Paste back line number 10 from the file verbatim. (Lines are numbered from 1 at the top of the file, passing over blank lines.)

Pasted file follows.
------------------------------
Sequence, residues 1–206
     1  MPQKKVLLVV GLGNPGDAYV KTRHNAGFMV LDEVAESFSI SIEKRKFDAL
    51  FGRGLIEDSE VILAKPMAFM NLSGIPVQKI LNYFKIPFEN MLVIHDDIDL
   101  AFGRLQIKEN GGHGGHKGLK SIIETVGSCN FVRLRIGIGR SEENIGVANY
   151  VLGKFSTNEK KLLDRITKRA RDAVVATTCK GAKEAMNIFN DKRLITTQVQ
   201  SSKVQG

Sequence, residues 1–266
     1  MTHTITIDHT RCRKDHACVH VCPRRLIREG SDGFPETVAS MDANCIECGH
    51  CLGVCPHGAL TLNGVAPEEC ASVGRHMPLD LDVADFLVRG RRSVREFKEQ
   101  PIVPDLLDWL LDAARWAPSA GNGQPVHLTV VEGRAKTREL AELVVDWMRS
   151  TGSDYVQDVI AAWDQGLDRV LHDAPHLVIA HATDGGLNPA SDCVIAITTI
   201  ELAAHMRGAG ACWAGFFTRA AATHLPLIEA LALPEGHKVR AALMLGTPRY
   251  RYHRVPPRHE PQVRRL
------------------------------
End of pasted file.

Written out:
   101  PIVPDLLDWL LDAARWAPSA GNGQPVHLTV VEGRAKTREL AELVVDWMRS